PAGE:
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eToro SPAC: Everything you need to know about eToro

One of Israel's potentially largest IPOs is in the works. eToro announced a merger with a $10.3 billion SPAC back in March, but the company will not be able to complete its plans by the end of the year, putting the deal in jeopardy. The move is expected to inject $250 million in SPAC funding into eToro, as well as an additional $650 million from institutional investors raised through PIPE (private investment in public capital) funding.

The company had already pushed back the deadline for the deal from the third quarter of this year to the fourth, but now, with two weeks left in the quarter and no shareholder meeting yet, it's clear the merger won't be completed in 2021.

eToro SPAC Explained

What eToro is currently threatening is not just the withdrawal of SPAC funds, which has become a market trend, but the $650 million it will receive from PIPE investors. Unlike SPAC investors who can vote for a merger but still choose to withdraw their investment, PIPE investors cannot withdraw from their commitments unless the deadline has passed. As eToro's deadline looms, institutional investors such as SoftBank's Vision Fund 2, Third Point LLC, Fidelity Management & Research Company LLC and Wellington Management can all opt out and exit the offering without penalty.

While eToro still has a chance to persuade investors to renew the deal for next year, estimates are either to make up the scale or to be valued well below $10 billion and will have to come down significantly. Betsy Cohen's fintech SPAC stock Acquisition V fell last week to The original price of $10, which reflects an estimate that the SPAC will soon provide capital to investors.

It cannot be ruled out that most institutional investors who have committed to participate in the PIPE phase will agree to renew their contracts with eToro. While some are willing to give it another quarter to complete the move on original terms, others, especially smaller companies, will require it to either top-up or lower its valuation to closer to $5 billion or so, similar to what the company did in the The past of traditional IPOs.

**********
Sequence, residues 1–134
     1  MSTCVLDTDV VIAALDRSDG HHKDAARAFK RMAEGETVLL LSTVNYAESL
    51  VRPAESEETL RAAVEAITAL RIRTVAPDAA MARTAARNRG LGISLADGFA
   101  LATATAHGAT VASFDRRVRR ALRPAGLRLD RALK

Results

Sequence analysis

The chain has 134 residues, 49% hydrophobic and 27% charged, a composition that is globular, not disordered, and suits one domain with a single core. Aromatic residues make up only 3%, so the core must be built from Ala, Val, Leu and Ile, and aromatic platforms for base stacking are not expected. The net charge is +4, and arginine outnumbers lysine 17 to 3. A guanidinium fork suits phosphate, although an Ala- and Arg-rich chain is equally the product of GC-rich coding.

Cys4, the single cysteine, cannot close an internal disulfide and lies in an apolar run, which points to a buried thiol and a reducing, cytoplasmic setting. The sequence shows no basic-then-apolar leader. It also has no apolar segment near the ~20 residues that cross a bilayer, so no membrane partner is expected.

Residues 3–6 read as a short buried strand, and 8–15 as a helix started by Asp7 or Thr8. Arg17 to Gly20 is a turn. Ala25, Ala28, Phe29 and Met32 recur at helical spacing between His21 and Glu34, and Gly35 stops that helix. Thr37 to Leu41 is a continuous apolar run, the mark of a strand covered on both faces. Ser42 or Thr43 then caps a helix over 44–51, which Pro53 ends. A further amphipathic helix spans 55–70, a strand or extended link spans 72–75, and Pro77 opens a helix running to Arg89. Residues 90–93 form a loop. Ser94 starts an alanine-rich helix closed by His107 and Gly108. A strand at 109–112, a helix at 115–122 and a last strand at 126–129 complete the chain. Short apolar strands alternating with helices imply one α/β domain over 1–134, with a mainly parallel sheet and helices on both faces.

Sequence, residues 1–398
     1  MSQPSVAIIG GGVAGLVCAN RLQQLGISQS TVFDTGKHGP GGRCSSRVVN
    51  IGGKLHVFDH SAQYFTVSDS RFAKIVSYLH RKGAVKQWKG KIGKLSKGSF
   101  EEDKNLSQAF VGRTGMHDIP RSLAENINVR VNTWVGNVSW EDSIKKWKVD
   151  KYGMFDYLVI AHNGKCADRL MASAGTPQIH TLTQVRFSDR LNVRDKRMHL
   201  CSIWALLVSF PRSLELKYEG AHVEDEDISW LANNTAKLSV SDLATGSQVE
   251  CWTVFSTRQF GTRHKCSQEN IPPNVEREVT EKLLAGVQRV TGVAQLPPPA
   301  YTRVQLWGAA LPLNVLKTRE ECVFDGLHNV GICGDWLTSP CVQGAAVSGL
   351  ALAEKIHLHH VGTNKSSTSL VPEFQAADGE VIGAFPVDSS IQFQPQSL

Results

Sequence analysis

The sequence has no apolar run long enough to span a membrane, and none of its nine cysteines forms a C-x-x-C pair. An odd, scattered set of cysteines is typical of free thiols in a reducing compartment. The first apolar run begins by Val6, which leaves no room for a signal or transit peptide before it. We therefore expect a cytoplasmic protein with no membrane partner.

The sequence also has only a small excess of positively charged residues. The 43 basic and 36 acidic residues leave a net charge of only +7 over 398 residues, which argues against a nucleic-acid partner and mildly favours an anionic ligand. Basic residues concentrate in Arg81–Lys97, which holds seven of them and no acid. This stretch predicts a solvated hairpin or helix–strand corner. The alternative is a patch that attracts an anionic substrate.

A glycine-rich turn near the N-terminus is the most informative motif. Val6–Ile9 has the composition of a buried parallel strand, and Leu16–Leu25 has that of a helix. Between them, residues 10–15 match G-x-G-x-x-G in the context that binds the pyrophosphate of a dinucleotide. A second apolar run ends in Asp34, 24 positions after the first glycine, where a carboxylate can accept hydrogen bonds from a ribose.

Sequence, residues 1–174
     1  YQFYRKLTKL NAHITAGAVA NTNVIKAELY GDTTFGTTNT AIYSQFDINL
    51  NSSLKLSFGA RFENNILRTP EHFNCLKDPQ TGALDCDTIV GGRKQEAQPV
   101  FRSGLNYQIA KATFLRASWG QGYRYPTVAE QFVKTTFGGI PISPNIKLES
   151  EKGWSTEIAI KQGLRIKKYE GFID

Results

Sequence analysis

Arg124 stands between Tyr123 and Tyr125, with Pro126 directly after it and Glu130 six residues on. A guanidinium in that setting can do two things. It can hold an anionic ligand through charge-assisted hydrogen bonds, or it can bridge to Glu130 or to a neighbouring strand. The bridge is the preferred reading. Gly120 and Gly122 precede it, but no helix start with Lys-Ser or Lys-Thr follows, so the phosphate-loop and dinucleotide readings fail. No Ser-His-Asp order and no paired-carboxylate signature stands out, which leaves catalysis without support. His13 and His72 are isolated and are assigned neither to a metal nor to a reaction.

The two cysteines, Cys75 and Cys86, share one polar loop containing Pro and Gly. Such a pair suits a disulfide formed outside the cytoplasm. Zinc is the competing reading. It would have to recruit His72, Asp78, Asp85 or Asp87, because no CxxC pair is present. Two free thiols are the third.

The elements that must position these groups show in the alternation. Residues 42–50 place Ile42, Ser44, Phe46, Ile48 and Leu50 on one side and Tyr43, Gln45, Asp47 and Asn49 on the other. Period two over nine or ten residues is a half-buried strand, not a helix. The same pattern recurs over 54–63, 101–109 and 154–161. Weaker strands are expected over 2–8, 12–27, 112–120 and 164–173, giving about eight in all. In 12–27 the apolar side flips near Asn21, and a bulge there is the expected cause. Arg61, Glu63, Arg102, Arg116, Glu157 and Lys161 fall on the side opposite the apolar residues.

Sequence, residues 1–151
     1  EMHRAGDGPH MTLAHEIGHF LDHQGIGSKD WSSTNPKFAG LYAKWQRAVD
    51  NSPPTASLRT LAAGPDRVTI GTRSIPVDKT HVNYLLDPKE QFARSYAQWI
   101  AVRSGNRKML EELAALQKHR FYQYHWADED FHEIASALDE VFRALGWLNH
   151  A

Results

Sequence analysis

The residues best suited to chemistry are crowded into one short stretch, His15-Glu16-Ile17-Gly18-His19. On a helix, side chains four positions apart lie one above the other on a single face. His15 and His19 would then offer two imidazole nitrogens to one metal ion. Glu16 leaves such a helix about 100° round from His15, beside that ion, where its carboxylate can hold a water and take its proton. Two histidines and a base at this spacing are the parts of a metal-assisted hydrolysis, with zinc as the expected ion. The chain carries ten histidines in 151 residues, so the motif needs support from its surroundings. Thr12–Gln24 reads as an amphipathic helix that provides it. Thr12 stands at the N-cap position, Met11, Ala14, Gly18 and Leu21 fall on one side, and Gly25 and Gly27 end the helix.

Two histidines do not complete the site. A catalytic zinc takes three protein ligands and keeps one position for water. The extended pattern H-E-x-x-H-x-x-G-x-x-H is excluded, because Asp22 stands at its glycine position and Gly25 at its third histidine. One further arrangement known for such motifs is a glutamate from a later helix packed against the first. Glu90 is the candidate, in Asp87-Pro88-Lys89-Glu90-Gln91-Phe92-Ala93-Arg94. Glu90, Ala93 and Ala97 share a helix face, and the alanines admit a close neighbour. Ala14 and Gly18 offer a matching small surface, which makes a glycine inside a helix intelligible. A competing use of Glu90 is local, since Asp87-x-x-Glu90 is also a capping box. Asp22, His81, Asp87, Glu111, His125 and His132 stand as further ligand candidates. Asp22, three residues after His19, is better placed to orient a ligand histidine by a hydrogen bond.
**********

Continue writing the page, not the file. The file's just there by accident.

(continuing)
eToro’s most recent funding round was in 2020, raising $50 million at a $2.5 billion valuation. The round includes only secondary transactions, with senior shareholders and employees selling partial stakes. The SPAC merger also includes a significant $300 million secondary component that could well be the first to "pay a price" if conditions change and a new deal is signed.

In this case, eToro is faced with the dilemma of whether to proceed with the new terms or abandon the plan altogether and raise a round in the private market. Since signing the deal with the SPAC in March, eToro has already taken on high costs, which could help eToro close the deal. These costs have already exceeded $70 million and are expected to reach $75 million by 2021, largely due to fees paid to accountants, lawyers, bankers, and more. This is a significant expense that will impact the company's profitability this year and this includes factors that led it to post a loss in the third quarter.

SPACs fall

The public offering market in general, and the SPAC market in particular, has been in turmoil since eToro signed a deal with Betsy Cohen in March 2021. Shares of companies that began public trading through SPAC mergers have fallen by double digits. Most public offerings completed in recent months have been affected by the massive withdrawal of SPAC funds. The most common change has been institutional investors withdrawing from participation in SPAC mergers due to Maturity concluded that these deals reflected an exorbitant level of value for the company.

To clarify: Even Betsy Cohen, who was already considered an expert in the SPAC space before the hype of the past two years, has not escaped the recent downturn. The most well-known example is US insurtech Metromile, which was issued by Cohen's SPAC at a $1.3 billion valuation before the fall and was acquired by Israel's Lemonade for $500 million in November. Israel's Payoneer, which also merged with the Cohen SPAC at a $3.3 billion valuation, has since fallen 33% to $2.2 billion.